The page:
12 Weird Facts You Never Knew About Sneezing
Achoo! We’re about to blow your mind with these facts that are nothing to sneeze at.
Sneezing is a reflexiStock/KatarzynaBialasiewicz
The reason that we sneeze is because our bodies are reacting to irritants—including dust, pollen, and animal dander—in the nose lining. When these irritants get into our noses, our brain receives a signal to get rid of them and we sneeze. You take a deep breath and hold it, causing the muscles in the chest to tighten. That pressure forces your tongue against the top of your mouth and the air to travel quickly out of your nose when you release your breath.
Sneezing is our body rebootingiStock/Wavebreakmedia
Researchers from the University of Pennsylvania reported on why we sneeze in the Journal of the Federation of American Societies for Experimental Biology. They concluded that we need to reset our nasal cavity every so often… and we do that by sneezing. Don’t miss these strange facts about the human body you never knew.
Your heart does not stop when you sneezeiStock/sanjagrujic
That’s a myth. But the rhythm of your heart can change when you sneeze. This happens because the pressure in your chest changes and alters your blood flow.
A sneeze can travel up to 100 miles an houriStock/tortoon
Because the air is moving out of your nose so quickly you typically make a noise. The faster the air moves, the louder the sneeze.
The spray from your sneeze can travel five feet or moreiStock/Anthony-Rosenberg
This is why it’s extremely important to cover your mouth with your elbow when you sneeze and prevent spreading a cold. Marjorie L. Slankard, MD, an associate attending physician and director of the Allergy Clinic at Columbia-New York Presbyterian Medical Center told everydayhealth.com that the reason your sneeze can travel so far is because it moves with a lot of force and the mucus particles are very tiny. (Learn more about what really happens to your body when you sneeze.)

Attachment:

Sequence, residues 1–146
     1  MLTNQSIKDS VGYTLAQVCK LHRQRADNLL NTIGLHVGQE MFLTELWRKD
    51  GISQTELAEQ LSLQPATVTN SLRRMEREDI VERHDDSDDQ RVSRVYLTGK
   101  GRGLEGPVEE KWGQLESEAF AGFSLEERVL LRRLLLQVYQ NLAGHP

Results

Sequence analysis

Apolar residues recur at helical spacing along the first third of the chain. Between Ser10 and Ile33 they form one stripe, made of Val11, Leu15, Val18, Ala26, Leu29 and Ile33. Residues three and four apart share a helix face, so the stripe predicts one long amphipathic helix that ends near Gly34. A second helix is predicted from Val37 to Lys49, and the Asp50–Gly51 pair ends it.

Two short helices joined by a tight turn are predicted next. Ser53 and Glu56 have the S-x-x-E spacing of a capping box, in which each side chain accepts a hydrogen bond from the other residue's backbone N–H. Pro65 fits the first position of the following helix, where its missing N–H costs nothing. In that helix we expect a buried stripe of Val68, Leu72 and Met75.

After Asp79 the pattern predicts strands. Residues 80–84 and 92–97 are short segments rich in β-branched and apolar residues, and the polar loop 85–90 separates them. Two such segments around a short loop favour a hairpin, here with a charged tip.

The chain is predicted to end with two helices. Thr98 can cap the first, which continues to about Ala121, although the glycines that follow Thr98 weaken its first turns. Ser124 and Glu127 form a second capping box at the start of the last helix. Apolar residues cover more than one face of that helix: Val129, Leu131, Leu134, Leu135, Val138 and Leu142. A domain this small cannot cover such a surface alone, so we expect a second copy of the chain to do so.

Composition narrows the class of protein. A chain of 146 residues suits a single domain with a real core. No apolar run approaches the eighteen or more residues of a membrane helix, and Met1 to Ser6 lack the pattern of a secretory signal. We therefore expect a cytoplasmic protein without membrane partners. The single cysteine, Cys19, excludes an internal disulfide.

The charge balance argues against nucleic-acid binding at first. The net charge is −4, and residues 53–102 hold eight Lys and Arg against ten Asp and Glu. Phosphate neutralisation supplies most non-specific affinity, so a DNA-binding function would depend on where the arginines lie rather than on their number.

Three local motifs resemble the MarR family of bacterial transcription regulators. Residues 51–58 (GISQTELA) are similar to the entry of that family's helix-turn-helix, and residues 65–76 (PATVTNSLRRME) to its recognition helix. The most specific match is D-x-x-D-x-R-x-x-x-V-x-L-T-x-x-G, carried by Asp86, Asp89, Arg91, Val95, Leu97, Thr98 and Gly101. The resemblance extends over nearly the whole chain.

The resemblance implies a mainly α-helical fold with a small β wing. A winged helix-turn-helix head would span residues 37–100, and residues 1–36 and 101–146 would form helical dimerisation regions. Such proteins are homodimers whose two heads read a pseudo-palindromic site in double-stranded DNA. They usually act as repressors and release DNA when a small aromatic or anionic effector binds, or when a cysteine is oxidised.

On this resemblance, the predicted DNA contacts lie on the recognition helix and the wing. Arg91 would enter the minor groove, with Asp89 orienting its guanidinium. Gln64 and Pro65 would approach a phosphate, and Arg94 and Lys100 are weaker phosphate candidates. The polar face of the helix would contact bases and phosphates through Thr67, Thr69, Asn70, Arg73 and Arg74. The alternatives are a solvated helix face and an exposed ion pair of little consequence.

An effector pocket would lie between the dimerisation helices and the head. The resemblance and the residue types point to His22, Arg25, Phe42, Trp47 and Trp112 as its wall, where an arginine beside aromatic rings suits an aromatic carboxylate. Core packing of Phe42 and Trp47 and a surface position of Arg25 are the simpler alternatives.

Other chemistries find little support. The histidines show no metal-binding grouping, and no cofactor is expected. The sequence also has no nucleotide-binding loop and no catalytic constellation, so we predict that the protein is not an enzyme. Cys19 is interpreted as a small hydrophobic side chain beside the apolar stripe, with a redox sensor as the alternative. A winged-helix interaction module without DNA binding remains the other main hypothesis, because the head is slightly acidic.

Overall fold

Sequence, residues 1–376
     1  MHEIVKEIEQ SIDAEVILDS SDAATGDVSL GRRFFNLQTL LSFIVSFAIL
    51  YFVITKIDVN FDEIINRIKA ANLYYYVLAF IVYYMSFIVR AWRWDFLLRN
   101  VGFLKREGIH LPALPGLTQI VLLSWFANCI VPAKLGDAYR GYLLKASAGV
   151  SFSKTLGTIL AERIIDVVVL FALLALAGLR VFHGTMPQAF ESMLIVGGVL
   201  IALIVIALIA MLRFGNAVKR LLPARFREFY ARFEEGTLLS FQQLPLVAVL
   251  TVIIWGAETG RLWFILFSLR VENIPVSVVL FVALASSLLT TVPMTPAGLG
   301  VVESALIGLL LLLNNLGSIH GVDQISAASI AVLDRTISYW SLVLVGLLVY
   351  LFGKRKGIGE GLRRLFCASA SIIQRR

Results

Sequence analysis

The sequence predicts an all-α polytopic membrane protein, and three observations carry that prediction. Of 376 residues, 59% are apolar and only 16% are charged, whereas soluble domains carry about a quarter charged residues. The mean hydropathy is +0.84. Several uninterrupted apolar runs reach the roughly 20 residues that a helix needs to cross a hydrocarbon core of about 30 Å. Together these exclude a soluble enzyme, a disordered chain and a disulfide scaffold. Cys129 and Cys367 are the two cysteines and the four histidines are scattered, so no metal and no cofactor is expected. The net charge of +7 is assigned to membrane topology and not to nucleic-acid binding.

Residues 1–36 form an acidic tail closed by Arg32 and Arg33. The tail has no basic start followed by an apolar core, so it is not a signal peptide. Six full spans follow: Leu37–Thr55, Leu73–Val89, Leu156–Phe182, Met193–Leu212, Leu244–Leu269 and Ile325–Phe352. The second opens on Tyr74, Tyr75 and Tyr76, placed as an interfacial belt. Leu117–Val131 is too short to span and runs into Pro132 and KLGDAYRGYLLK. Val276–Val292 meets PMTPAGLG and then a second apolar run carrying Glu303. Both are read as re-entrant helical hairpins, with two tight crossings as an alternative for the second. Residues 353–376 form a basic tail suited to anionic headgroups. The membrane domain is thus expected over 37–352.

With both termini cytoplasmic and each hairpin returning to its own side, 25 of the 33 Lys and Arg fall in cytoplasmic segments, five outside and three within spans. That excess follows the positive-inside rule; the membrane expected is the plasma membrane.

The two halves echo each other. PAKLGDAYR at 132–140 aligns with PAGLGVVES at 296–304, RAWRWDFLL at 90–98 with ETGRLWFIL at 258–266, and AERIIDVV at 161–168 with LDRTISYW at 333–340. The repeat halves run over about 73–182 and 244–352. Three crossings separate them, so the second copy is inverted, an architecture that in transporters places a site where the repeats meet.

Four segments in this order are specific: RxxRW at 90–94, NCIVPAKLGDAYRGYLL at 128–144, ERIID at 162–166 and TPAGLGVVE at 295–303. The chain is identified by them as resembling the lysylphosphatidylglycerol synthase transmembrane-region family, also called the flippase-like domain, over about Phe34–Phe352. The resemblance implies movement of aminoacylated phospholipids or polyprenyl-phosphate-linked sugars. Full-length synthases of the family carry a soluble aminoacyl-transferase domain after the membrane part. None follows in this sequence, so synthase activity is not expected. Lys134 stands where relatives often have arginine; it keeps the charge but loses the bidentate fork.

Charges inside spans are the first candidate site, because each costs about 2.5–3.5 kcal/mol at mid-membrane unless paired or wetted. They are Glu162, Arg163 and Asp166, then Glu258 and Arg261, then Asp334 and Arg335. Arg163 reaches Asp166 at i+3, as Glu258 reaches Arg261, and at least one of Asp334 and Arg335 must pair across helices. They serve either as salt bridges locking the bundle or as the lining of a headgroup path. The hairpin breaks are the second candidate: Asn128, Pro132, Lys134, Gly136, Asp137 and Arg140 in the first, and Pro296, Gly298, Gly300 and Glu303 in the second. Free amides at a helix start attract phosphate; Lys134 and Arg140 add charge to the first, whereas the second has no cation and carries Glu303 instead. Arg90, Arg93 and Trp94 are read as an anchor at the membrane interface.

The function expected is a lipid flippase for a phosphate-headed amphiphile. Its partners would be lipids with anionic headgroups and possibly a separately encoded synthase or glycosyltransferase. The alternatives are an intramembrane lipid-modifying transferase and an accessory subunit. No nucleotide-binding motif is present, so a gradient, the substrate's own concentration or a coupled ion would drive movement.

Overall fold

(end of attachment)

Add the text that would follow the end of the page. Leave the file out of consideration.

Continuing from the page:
Sneezing is a workoutiStock/Mikolette
One sneeze engages your throat, chest, diaphragm, and abdomen.
The color of your mucus means somethingiStock/design56
Your nose produces one to two pints of mucus every day. Typically, that mucus should be clear. If your mucus is green, yellow, or brown it could mean that you have an infection and you should see your doctor. White cells working to fight the infection in your mucus are what causes it to change color.
A single sneeze can produce up to 40,000 dropletsiStock/Maartje-van-Caspel
Yuck! Please sneeze into your elbow! Don’t miss all the ways to say “bless you” around the world.
Your eyes will close automatically when you sneezeiStock/Meggj
When your brain receives the signal to sneeze it also signals your eyes to close. You can’t keep them open, it’s an involuntary action.
Trying to hold in a sneeze can hurtiStock/AntonioGuillem
Not many cases have been reported, but attempting to hold in a sneeze can cause broken blood vessels in the eyes, damaged blood vessels in the brain, and/or ruptured eardrums. Alan Wild, an assistant professor of otolaryngology at Saint Louis University School of Medicine, told livescience.com that he would never recommend attempting to hold in a sneeze ever. However, there are ways to suppress the urge to sneeze. Wild recommends rubbing your nose, forcing a deep heavy breath out of your nose, or pressing your upper lip underneath your nose. (This is why you should never hold in a sneeze. )
You can’t sneeze when you’re asleepiStock/knape
While you’re sleeping, the nerves that cause you to sneeze are also resting.
There is a reason you sneeze multiple times in a rowiStock/gpointstudio
Dr. Slankard told everydayhealth.com that it has to do with what causes us to sneeze in the first place. Since the act of sneezing is your body’s way of clearing out irritants from your nose, it might take a few tries to get them all out. Here are some of the reasons you can’t stop sneezing—and what to do about it.